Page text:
I’ve gotten some interesting feedback from my post about teaching children about hoarding.  I wrote how I felt I am failing my daughter by not coaching her on better organizational habits earlier.

You Responded!

I was delighted to read your comments!  Thank you to all who took the time to leave a note on the blog or email me in person.  You were all reassuring that I haven’t ruined my kids just yet!  Phew! There’s still time to teach them about personal organization!

Knee Jerk Reaction

I suppose I’m being extra cautious.  Living so close to someone with a mental illness makes you paranoid (wait, isn’t that a mental condition too??? ).  Perhaps it’s similar to those with an alcoholic parent and forbidding their own children to ever toast with wine at holiday dinners.  I’m probably being hyper-sensitive, but I know I’ve read in several places that compulsive hoarding can be hereditary.  Diabetes also strongly runs in the family…some future I’ve got facing me, huh?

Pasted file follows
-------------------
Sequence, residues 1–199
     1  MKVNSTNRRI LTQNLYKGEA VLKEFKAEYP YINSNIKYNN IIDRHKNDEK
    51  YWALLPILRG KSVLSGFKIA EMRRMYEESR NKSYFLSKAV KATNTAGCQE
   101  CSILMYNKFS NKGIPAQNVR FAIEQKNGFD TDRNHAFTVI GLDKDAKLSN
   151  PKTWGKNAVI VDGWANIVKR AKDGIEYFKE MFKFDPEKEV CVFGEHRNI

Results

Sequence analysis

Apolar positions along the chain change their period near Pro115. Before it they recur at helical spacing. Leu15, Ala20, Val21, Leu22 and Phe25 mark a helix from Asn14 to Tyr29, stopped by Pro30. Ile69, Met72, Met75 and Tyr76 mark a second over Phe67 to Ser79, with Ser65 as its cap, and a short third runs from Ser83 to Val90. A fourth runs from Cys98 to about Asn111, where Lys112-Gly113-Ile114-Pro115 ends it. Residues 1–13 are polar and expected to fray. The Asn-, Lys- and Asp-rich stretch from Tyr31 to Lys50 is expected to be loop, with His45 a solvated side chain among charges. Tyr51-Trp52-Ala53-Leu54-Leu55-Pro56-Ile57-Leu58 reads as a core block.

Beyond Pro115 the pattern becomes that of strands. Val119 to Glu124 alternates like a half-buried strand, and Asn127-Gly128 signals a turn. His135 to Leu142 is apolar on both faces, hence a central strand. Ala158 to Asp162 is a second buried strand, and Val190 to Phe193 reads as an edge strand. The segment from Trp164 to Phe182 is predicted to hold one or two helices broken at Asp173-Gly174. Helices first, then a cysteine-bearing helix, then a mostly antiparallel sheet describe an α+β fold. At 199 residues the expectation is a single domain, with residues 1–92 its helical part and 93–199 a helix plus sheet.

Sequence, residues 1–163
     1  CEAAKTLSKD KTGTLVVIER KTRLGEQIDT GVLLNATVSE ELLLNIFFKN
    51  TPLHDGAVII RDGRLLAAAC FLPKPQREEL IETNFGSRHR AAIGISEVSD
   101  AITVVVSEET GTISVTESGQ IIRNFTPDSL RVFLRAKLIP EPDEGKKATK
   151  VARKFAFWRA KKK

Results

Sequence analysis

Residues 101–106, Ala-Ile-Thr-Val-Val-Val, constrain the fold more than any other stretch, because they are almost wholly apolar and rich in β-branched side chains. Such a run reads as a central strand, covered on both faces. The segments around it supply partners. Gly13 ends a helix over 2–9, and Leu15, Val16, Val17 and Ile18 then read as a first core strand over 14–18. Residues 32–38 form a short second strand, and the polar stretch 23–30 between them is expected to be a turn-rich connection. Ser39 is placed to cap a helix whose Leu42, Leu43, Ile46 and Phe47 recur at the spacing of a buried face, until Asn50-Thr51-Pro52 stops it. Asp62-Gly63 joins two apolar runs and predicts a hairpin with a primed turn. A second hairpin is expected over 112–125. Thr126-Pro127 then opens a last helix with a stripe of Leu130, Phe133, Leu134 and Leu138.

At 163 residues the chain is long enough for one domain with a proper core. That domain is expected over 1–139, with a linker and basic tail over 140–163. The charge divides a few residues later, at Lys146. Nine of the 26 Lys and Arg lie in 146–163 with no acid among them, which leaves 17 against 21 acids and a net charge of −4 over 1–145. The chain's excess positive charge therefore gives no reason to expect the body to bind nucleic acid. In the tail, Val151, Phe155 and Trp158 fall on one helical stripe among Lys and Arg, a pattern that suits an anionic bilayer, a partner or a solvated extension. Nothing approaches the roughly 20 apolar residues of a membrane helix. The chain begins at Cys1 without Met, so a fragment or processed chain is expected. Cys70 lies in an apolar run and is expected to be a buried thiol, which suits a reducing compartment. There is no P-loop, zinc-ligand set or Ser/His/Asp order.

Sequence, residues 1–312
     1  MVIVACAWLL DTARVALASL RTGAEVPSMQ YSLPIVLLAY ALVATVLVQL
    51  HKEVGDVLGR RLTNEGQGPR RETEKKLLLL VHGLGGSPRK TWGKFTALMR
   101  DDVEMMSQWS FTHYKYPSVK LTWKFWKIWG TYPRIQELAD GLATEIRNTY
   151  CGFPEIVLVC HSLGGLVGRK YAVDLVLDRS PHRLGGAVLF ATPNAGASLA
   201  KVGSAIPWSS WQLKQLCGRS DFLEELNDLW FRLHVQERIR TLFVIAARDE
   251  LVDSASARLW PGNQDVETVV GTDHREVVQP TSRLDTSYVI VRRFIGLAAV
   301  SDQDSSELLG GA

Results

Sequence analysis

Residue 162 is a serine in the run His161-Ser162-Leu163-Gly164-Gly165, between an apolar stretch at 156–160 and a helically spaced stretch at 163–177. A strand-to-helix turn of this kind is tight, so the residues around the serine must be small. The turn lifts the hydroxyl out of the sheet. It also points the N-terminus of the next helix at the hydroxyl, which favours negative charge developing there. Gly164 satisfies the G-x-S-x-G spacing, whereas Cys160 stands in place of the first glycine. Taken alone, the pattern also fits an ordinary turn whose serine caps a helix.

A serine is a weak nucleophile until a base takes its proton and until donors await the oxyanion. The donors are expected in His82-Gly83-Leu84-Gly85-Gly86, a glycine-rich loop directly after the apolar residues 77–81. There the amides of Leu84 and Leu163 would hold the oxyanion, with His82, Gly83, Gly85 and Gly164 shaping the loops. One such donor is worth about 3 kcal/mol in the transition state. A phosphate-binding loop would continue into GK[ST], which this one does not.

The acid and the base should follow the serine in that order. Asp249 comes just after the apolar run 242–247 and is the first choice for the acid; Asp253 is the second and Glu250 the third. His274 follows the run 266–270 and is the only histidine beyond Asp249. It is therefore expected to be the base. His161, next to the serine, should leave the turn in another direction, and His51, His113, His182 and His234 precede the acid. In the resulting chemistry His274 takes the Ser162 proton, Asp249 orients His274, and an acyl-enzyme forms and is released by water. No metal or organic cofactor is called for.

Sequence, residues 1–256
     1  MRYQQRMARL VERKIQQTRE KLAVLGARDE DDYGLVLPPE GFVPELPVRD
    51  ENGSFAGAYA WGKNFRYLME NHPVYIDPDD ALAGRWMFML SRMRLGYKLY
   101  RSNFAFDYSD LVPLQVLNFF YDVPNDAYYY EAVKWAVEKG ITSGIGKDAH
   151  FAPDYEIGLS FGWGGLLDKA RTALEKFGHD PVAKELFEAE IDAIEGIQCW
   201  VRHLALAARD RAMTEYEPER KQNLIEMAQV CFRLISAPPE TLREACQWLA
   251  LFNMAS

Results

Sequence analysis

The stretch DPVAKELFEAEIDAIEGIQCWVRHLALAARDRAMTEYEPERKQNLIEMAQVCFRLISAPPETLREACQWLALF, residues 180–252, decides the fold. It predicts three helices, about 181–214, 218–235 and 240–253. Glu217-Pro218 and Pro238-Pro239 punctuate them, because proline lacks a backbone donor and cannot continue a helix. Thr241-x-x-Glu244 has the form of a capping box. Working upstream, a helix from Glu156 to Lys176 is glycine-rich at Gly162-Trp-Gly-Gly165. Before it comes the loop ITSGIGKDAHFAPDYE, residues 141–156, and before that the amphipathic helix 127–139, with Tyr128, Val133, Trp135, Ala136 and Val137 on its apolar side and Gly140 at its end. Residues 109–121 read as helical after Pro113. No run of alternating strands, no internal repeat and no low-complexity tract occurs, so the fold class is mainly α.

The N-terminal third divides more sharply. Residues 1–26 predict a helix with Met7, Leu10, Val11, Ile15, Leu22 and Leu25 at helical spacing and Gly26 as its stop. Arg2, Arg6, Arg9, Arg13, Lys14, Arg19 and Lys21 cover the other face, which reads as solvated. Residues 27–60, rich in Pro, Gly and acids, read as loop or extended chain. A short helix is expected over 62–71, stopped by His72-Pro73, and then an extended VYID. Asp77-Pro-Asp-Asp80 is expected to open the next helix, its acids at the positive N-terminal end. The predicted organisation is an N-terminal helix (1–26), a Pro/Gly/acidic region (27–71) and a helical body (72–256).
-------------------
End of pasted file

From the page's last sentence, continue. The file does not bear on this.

Nature vs Nuture

Genetics aside, I think learned behavior goes a long way.   I don’t want to go overboard and insist on unattainable perfection.  I can’t maintain that myself anyway.  But if I can begin to instill the proper techniques for organizing personal space, encouraging attachment to people instead of objects, and how to begin and finish any project, then I think I’ll be giving my girls some great life skills.  And hey, it doesn’t hurt to practice them myself, right?  I’m sure Will would agree, as he eyes my creatively chaotic craft room.

Your Suggestions for Teaching Kids About Personal Organization

You had some great ideas for helping kids learn about organizing, and learning how to let go of treasured toys.

  • take photos of toys before donating them, and put photos in an album to preserve their memory
  • designate a set number of keepers.  Let them choose which keepers, but don’t go past the number.